Revista Ingeniería Naval


Early ship design stages are where most of the decisions and costs are compromised, and where 2D drawings are still widely used. The idea of using a single tool for the whole process, starting with the creation of a 3D model at early design stages, has been profusely required in naval shipbuilding. It is not easy to convince the agents involved about the advantage of having increased work at early phases, although the effort will be rewarded downstream.

This paper describes, in detail, the benefit of changing the process of ship design by using an advanced Computer Aided Design (CAD) tool from the early stages, describing how it will be an advantage in terms of quality and costs. The most remarkable benefits are the data integrity, the avoidance of long design periods and cost increases due to errors, re-work and inconsistencies.

The main challenges refer to integration at all stages and disciplines by the use of a single CAD tool. It must be effective at all stages, from the quick definition of the 3D model to the transfer of modelling information to the analysis and calculation tools.

This paper describes our findings in ship design, as an example of engineering work, using a shipbuilding oriented CAD System.

Keywords: Computer Aided Design; Basic Design; Shipbuilding; Finite Element Analysis; Ship Design.


1. Introduction

2. The challenge of early 3D design

3. CAD system philosophy

4. Basic design process

4.1 Surface definition and naval architecture calculations

4.2 Volume definition

4.3 Hull structure basic design

4.3.1 Shell and decks definition

4.3.2 Internal structure definition

4.4 Main equipment positioning

4.5 Generation of outputs from the 3D Model

4.5.1 Classification drawings for approval

4.5.2 Other outputs

5. Link with finite element tools

6. Transition to detail design

7. Benefits in area of improvements

8. Conclusions

9. References


1. Introduction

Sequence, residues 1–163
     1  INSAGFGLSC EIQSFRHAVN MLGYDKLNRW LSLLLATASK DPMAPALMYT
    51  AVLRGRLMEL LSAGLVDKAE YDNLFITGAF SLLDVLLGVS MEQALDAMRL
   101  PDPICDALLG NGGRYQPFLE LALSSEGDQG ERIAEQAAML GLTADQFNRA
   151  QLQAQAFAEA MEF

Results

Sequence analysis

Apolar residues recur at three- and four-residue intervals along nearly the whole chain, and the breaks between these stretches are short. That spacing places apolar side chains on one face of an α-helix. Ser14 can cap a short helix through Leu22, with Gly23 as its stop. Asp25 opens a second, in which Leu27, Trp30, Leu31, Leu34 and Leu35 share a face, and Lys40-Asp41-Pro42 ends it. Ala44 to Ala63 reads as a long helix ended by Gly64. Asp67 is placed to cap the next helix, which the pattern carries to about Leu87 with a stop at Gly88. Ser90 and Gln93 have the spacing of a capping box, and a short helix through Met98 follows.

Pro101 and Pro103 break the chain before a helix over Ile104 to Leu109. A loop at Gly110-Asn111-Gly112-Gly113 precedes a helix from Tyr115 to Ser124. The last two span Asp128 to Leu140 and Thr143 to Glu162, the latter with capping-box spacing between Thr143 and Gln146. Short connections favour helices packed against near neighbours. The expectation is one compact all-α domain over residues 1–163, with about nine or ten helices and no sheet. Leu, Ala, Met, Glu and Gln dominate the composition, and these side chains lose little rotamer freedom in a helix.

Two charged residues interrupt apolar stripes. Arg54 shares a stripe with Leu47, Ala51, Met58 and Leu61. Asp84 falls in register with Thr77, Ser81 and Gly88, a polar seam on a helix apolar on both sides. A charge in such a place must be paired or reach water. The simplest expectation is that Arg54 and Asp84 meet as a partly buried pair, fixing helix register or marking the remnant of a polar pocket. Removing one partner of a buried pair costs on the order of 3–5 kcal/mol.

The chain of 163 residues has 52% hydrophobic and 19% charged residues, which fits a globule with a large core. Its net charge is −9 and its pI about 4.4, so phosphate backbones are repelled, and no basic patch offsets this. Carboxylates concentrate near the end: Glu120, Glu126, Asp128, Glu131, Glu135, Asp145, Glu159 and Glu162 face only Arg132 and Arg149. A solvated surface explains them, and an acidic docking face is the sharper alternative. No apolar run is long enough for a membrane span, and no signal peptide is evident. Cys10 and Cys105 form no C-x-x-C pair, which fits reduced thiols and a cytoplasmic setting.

The definition of a ship project in shipbuilding usually comprises three stages, conceptual, initial/basic and detail design (seefigure 1). During the detail design stage the use of a ship 3D model is very common, while the basic design is still based on 2D drawings in many companies, although it is the stage where most of the costs are compromised which implies long design periods, repetition of relevant parts of the work in subsequent stages and a potential for multiple design inconsistencies. This all leads to a major increase in costs and a low production performance.

Being aware of this situation and also due to marketing and commercial reasons 3D tools have been introduced recently in the initial design stage. In some way, the problem could be understood as another episode of the traditional debate between the 2D and 3D approaches.

The ship design process is often shared between several design actors that develop different aspects of the engineering. The process is rather sequential as the input for some stages is the output from previous ones. A non exhaustive list of tasks normally includes:

  • Development of the main hull structure based in 2D drawings.
  • These drawings are sent to Classification Societies (CS) for further analysis and subsequent approval.
  • In order to check the structure, CS often develop a 3D Model of the structure, based in the 2D drawings received.
  • Indeterminate iterations of the process usually arise, due to the implementation of the comments from the CS into the 2D drawings.
  • Detail design activities start once the structure has been approved, taking as starting point the 2D drawings to generate a 3D model that will be used for the early activities in machinery and outfitting.
  • Additionally, there are other reasons to generate different 3D models like the needs for special calculations (finite elements analysis, noise, vibrations, etc) as well as the requirements for more realistic (rendered) views of the accommodation spaces.


Figure 1: Design stages in ship design process

As an alternative to the traditional method, a new approach is emerging in shipbuilding. It is based on the generation of an early ship 3D model during the basic design stage, by using the same tool as in the detail and production phases. Although at first sight the detail design process might seem more time consuming, in the long run the advantages are huge mainly derived from the reuse of information. As a fundamental requirement for the solution to be efficient, the generation of the classification drawings for approval should be simple, as well as the transference of the model to the analysis tools.

2. The challenge of early 3D design

The debate about the advantages of using an early 3D model in shipbuilding started many years ago. At the beginning it was more philosophical than a real solution, because the available tools in the market were not good enough to ensure its successful use at early ship design stages. That is the reason why most part of the ship designers still work in 2D at this stage.

The approach is exactly the same nowadays, but the 3D CAD tools had to change a lot. Only by adding important and innovative new capabilities it is possible the easy generation of the 3D model.

Still with all stakeholders debating between advantages and disadvantages of 2D or 3D approach, what it is clear is that, in general, papers tend to disappear. We can see it in many industries, in many fields, which make us thinking that we are on the right path.